Oyster Reproduction, Survival Rates at Highest Levels Since 1997

The Oyster Question: Scientists, Watermen, and the Maryland Chesapeake Bay since 1880 (Environmental History and the American South)
Governor Martin O’Malley Announces Oyster Reproduction, Survival Rates at Highest Levels Since 1997

Trends indicate population may be developing resistance to disease; More Marylanders looking to start up or expand aquaculture businesses

February 8, 2011 (Annapolis MD) — Governor Martin O’Malley today announced a multitude of good news for the Chesapeake Bay, Maryland’s green economy and Crassostrea virginica, the Bay’s native oyster: According to the State’s recently completed fall oyster survey, the number of spat or baby oysters in Maryland waters is at its highest level since 1997, the survival rate for young oysters is also up, and more Marylanders are looking to start up or expand aquaculture businesses.

“Even as our population stood at 1 percent of historic levels, we did not give up... and we now have exciting new evidence that — like our blue crab — our native oyster has not given up either,” said Governor O’Malley. “We now have reason to be more optimistic than ever about the recovery of this iconic species, a recovery that would further improve water quality, create green jobs and support local economies.”

“Moving forward, it is our responsibility to strengthen our restoration commitment, our enforcement actions and our investment to further to protect our future broodstock,” added Governor O’Malley, who has proposed a $25 million investment in the Chesapeake and Coastal Bays Trust Fund in his FY 2012 budget.

Since 1939, the Maryland Department of Natural Resources (DNR) and its predecessor agencies have monitored the status of Maryland’s oyster population via annual field surveys — one of the longest running such programs in the world. The survey tracks three critical components of the population: Spatfall Intensity, which measures reproduction levels (recruitment) and offers a window into future population levels; disease infection levels; and annual mortality rates of oysters.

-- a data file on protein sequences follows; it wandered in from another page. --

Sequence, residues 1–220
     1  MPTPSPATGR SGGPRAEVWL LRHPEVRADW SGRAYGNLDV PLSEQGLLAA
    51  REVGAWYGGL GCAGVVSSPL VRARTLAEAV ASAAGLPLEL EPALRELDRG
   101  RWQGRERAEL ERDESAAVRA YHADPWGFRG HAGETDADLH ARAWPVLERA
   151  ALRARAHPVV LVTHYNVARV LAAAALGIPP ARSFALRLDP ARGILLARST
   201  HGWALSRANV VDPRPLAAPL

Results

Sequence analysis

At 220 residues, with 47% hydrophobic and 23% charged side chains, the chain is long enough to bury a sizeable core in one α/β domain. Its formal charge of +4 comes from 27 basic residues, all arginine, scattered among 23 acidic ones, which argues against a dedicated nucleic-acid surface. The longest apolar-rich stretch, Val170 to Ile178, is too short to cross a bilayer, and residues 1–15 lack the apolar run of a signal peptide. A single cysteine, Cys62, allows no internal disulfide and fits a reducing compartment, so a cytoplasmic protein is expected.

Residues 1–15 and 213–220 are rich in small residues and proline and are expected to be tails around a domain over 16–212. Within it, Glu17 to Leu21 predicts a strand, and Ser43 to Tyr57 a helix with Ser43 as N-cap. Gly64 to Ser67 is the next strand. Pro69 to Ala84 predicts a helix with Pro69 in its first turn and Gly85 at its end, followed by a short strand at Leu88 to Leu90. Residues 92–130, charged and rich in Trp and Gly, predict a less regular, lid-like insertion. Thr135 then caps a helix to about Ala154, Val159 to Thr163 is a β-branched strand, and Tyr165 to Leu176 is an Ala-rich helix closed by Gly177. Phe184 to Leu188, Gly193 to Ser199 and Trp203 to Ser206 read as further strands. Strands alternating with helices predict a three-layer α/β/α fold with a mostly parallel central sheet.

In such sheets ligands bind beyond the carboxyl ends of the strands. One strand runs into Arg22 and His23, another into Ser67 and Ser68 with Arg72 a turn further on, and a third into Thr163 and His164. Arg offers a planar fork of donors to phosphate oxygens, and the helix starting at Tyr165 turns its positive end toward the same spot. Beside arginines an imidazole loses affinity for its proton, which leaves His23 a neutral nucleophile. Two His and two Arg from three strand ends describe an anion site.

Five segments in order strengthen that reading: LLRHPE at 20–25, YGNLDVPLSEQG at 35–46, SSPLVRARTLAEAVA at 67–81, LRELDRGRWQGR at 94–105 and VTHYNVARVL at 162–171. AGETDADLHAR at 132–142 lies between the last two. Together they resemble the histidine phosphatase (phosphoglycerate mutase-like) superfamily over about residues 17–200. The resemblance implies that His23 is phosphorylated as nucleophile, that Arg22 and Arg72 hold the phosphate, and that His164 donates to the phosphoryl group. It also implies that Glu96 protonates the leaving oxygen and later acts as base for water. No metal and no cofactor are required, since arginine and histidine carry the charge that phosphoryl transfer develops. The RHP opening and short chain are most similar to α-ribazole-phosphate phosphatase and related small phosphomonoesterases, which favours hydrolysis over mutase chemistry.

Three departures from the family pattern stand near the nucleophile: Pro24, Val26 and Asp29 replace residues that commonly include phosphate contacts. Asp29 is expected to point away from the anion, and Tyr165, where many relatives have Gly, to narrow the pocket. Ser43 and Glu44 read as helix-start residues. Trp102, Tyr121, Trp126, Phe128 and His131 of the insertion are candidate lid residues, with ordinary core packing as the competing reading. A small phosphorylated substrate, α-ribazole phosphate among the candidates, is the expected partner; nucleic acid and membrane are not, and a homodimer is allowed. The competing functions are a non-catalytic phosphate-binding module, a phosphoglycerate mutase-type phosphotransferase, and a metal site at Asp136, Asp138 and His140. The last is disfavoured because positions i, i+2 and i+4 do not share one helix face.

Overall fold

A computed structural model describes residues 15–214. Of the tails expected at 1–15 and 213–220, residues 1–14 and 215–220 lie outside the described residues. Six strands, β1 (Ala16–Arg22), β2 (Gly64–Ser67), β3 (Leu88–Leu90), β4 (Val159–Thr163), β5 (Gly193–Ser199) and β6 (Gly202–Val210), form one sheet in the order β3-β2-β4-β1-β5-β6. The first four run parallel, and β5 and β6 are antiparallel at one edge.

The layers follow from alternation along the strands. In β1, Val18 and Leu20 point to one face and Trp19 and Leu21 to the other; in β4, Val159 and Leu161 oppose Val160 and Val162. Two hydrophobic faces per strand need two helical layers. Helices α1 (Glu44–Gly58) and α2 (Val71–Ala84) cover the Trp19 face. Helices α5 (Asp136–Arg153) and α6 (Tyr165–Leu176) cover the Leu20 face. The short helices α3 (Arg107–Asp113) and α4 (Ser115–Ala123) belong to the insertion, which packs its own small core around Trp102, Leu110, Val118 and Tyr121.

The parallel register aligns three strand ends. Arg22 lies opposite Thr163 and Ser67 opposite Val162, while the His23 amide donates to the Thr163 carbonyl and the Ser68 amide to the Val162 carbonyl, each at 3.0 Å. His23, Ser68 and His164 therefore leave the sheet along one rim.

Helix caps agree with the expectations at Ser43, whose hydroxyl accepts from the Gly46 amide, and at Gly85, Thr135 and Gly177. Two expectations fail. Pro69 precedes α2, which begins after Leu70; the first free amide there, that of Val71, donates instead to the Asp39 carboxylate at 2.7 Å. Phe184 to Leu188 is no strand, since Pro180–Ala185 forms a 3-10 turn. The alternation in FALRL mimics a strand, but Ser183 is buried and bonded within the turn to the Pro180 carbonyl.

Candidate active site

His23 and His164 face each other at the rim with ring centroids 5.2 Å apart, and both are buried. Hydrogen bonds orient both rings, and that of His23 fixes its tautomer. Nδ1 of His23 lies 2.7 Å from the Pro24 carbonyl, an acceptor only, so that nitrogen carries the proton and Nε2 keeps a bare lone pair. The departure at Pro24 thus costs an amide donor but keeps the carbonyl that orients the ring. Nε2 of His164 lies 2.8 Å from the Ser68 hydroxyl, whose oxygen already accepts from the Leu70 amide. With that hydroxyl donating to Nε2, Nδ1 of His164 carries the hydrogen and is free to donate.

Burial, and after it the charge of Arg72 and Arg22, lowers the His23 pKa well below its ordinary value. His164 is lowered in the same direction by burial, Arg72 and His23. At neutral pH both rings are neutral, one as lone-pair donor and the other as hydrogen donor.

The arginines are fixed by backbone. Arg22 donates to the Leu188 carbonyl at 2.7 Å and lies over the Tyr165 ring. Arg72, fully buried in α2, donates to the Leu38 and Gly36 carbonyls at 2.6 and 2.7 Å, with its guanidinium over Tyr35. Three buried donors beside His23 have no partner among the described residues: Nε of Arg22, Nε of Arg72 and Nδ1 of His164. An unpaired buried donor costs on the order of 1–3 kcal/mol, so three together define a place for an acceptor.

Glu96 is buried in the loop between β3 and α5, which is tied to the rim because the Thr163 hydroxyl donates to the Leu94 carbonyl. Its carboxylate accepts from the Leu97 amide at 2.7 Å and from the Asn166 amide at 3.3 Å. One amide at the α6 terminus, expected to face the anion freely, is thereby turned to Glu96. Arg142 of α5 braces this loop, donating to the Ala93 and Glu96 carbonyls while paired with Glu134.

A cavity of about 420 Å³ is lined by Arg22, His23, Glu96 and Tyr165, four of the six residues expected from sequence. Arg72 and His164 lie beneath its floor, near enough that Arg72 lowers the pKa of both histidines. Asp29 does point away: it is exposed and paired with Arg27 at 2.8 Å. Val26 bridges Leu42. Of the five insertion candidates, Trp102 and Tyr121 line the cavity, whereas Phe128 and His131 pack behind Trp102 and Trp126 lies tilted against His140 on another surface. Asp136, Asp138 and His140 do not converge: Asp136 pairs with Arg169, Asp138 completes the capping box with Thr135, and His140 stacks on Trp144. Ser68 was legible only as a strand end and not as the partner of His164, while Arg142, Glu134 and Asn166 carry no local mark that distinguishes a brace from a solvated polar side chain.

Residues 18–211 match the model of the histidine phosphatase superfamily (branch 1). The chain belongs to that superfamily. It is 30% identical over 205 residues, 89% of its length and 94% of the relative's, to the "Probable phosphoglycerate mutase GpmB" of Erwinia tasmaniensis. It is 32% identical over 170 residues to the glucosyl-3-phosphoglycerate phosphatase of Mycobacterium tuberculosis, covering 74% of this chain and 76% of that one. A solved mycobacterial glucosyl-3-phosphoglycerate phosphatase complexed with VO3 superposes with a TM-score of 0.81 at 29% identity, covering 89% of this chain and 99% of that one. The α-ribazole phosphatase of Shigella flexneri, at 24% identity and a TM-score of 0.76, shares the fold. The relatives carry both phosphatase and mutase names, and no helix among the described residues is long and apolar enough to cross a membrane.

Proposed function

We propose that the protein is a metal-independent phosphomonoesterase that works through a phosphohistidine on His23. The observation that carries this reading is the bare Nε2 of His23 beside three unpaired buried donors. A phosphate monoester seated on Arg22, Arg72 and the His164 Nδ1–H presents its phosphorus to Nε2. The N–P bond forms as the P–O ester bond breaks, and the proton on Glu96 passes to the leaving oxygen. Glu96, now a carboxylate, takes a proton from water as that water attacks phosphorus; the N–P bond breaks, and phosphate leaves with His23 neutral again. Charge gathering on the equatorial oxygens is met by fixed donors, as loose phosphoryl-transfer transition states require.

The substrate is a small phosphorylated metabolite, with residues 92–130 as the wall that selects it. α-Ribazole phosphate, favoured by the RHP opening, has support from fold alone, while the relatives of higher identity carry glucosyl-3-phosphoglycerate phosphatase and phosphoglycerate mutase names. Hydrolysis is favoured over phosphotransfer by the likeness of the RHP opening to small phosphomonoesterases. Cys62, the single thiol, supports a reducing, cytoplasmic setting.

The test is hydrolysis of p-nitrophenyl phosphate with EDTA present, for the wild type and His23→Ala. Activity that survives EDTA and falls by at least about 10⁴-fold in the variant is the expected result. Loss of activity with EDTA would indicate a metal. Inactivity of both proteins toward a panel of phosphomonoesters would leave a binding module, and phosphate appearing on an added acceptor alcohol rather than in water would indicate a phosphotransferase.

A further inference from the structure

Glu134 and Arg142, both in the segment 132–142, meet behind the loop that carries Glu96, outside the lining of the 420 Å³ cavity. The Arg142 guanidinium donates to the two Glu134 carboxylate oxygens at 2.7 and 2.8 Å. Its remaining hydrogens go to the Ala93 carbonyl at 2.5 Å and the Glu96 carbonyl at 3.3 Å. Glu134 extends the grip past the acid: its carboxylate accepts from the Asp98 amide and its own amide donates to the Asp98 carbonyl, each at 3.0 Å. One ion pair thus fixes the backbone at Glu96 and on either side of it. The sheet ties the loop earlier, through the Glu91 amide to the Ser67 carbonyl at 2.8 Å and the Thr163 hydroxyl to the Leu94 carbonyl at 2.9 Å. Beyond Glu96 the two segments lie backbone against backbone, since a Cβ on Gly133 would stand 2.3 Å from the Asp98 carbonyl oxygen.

“For more than 15 years, the State and its partners have aimed to jump-start Mother Nature by investing in building the necessary infrastructure, deploying billions of oyster spat on shell and reclaiming thousands of acres buried shell from derelict oyster reefs. Now, it seems she’s fighting with us,’ said DNR Secretary John Griffin. “These animals are proving just how resilient they can be given the right circumstances.”

The 2-month 2010 fall population assessment, which encompassed 260 oyster bars and 399 samples throughout the Bay and its tributaries, concluded on December 18. At nearly 80 spat (baby oysters) per bushel, the 2010 spatfall is the highest since 1997, and about 5 times the 25-year average of 16.

“The increased spat set is an immediate asset to Maryland’s expanded sanctuary program,” said DNR Fisheries Director Tom O’Connell. “These protected oysters will grow and reproduce, contributing more oysters to the Bay’s sanctuary and surrounding aquaculture and public fishery areas, and providing important ecological benefits such as water filtration and reef habitat.”

Eleven of the 53 oyster bars included in this index had their highest or second highest spat counts since 1985. The elevated spatfall was a coast-wide phenomenon, with other mid-Atlantic states also reporting better than average numbers.

Equally encouraging was wide distribution of spat throughout the Bay and its tributaries: While the heaviest counts were in the lower Bay’s higher salinity areas, where reproduction is typically more successful, a moderate spatfall also occurred in lower salinity areas that generally receive little to no spat sets at all. These included the upper Bay as far north as Pooles Island and the upper reaches of the Chester, Choptank and Patuxent River tributaries. Due to reduced disease pressure, oysters historically have good survivorship in these areas, some of which are now protected sanctuaries under the State’s new oyster plan.

Even more encouraging news for the beleaguered oyster is that the frequency and intensity of diseases remains low, based on December’s interim report from the Paul S. Sarbanes Cooperative Oxford Lab. Of the two diseases that have devastated populations for decades, Dermo, although still widely distributed, remains below the long-term average for the eighth consecutive year, and MSX appears to again be in retreat after an advance in 2009.